A computer room has been checked for a suspect's fingerprints after two children interrupted a suspected burglar in their school.
Two pupils at Whangarei Primary School reported seeing the man at the front of the room at about 11.40am yesterday where computers were located.
It is believed he ran out empty handed after being disturbed by the children.
Acting principal Kathy Hancock told the Advocate that the school was immediately put under lockdown.
The children were unharmed and the man did not take anything from the room.
"We went into lockdown and made sure he wasn't anywhere around," she said.
"In these situations you have to act quickly. All our systems worked and were foolproof."
Pupils reported seeing the man, who was dressed in black, leave the school but as of yesterday evening police had not located him.
Police had also spoken to the two observant young pupils and the classroom was checked for fingerprints.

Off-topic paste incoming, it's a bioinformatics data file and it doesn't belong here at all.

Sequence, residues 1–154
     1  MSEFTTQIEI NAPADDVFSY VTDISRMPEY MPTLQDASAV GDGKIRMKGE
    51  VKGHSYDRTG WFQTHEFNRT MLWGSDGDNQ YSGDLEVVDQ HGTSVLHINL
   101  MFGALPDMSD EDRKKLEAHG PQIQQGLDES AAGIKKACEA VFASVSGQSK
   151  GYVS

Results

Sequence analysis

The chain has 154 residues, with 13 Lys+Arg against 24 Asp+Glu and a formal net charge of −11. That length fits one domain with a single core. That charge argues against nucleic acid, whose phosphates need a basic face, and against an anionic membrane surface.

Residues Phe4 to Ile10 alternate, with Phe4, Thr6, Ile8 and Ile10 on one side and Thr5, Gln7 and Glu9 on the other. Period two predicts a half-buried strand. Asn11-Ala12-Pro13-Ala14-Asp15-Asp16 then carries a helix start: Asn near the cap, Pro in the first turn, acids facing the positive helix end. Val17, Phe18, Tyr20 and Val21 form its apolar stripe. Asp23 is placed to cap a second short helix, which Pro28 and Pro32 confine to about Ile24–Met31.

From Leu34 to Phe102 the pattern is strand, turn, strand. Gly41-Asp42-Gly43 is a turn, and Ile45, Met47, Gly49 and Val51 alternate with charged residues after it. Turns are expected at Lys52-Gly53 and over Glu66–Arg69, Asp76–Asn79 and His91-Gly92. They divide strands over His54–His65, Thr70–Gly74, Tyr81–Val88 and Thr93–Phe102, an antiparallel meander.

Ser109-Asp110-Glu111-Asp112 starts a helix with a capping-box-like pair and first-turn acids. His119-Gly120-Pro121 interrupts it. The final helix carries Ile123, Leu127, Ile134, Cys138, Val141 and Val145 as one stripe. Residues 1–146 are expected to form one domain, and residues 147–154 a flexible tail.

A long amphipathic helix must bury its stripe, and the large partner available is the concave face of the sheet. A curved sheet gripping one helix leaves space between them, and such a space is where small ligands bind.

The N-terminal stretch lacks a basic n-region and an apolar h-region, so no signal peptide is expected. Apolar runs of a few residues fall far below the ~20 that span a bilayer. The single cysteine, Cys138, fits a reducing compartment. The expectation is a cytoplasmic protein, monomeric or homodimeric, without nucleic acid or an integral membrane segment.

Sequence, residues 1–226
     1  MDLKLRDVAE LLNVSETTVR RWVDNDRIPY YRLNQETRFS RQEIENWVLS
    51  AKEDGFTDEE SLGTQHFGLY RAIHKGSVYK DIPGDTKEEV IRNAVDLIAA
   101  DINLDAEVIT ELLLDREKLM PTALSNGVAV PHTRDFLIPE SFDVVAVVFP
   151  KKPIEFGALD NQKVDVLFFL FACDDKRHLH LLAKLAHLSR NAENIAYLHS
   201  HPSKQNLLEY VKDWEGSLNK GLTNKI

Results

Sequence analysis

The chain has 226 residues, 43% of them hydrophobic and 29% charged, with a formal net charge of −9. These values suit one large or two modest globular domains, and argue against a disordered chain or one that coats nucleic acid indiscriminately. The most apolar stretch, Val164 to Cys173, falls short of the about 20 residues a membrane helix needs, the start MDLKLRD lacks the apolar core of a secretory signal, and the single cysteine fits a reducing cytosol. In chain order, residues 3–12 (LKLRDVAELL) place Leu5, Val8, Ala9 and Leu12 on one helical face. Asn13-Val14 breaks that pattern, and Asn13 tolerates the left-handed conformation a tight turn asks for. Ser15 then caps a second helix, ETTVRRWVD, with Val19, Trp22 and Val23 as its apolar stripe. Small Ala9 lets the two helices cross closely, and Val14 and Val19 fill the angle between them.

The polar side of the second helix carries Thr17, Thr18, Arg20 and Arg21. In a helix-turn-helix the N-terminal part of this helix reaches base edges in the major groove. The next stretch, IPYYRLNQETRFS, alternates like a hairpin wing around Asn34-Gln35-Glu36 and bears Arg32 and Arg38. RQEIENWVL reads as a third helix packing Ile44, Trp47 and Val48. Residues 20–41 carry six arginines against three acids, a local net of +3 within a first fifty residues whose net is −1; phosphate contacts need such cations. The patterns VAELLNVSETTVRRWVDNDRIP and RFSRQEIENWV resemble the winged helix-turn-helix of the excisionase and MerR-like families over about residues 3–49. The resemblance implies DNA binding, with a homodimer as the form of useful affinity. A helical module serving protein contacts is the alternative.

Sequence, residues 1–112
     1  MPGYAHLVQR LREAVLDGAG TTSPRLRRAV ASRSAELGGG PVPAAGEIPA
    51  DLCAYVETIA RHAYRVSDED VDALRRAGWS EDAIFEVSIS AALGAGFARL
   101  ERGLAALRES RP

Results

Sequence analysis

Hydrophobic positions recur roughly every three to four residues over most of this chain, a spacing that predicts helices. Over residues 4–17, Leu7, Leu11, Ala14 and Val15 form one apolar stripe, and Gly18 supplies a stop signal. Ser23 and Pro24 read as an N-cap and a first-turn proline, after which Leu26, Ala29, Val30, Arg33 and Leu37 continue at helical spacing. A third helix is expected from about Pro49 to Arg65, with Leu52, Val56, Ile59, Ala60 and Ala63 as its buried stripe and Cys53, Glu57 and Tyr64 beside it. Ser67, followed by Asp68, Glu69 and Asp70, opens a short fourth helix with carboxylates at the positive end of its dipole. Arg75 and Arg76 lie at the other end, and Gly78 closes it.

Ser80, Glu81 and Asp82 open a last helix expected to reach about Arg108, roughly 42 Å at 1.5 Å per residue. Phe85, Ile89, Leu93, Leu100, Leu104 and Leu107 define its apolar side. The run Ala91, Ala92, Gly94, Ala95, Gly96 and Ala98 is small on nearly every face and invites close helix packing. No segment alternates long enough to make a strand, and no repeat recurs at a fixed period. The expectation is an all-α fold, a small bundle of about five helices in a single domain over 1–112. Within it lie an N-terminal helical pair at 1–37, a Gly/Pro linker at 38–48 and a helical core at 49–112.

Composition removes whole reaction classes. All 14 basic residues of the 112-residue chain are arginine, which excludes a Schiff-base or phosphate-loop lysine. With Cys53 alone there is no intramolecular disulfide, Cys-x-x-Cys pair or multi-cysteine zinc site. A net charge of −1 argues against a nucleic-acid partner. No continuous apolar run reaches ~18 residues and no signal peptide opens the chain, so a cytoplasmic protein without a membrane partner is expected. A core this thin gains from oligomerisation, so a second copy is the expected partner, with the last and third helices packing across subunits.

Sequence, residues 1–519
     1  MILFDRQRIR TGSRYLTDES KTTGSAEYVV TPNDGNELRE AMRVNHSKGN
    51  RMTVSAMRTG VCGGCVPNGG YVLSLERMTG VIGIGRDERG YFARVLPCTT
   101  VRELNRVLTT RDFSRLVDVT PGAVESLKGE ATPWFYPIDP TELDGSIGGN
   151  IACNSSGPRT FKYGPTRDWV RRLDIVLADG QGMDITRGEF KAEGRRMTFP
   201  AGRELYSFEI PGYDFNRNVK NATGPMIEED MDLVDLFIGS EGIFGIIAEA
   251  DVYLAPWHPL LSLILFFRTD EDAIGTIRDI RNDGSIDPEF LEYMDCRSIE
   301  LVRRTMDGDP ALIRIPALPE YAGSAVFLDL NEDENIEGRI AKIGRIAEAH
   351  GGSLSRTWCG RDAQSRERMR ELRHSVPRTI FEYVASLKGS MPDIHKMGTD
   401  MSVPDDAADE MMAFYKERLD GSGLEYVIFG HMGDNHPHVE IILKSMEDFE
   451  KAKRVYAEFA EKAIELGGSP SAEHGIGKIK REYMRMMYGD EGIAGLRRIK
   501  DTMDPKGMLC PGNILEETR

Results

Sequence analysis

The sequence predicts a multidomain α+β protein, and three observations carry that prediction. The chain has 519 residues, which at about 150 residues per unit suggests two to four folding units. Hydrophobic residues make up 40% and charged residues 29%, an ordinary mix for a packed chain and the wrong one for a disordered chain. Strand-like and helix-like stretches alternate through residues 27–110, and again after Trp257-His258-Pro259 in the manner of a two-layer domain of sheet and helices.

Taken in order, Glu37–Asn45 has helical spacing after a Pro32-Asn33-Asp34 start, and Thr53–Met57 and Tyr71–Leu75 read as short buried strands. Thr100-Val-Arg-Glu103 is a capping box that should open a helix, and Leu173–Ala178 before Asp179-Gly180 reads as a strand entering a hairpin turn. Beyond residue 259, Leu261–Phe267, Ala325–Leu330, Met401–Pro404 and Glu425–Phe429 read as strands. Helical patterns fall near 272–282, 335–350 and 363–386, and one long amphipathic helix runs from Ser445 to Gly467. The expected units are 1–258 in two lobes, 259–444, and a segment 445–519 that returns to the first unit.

A spokeswoman for the police confirmed officers had been called to the Bank St school yesterday morning after reports of a man hanging around the classroom where the computers were located.
"He was then seen leaving the school by pupils, but none of the teachers had seen him leave. So as a precautionary measure the school went into voluntary lockdown and called police," the spokeswoman, Sarah Kennett, said.
The school had completed a lockdown drill in the last term and Ms Hancock said pupils and staff had followed procedures perfectly.
"Of course it was a shock to know that someone had come on to school grounds."
While there had been staff on duty to prevent intruders, the school would examine its security in light of yesterday's incident, she said.
"For the lockdown process there was a series of bells and the kids knew it was lockdown. They were in class at the time so the teachers stayed in the classroom with them and accounted for everyone."
The teachers phoned the school office from the classrooms to confirm their safety.
Ms Hancock had completed a briefing with teachers and staff.
She said all the pupils deserved to be praised for the "fantastic" way they had followed procedures.